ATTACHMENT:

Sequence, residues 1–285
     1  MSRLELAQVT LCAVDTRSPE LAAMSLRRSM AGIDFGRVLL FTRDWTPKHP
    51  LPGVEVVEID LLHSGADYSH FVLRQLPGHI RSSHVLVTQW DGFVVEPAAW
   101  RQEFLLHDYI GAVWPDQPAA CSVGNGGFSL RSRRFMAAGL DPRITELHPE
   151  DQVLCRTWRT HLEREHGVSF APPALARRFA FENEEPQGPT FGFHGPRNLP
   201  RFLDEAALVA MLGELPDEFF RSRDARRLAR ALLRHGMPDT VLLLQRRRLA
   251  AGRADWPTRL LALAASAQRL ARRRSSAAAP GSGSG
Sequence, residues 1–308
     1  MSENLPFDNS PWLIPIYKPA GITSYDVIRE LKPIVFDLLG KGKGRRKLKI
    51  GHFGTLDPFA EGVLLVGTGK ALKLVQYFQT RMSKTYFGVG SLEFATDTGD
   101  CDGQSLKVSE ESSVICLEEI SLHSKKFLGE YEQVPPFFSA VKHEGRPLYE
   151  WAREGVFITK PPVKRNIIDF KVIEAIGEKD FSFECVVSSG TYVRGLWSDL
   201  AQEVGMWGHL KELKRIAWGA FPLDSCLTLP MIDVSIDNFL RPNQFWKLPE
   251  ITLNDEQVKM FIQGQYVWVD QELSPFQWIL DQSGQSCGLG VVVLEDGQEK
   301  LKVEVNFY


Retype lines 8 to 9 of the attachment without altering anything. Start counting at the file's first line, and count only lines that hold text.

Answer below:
Sequence, residues 1–308
     1  MSENLPFDNS PWLIPIYKPA GITSYDVIRE LKPIVFDLLG KGKGRRKLKI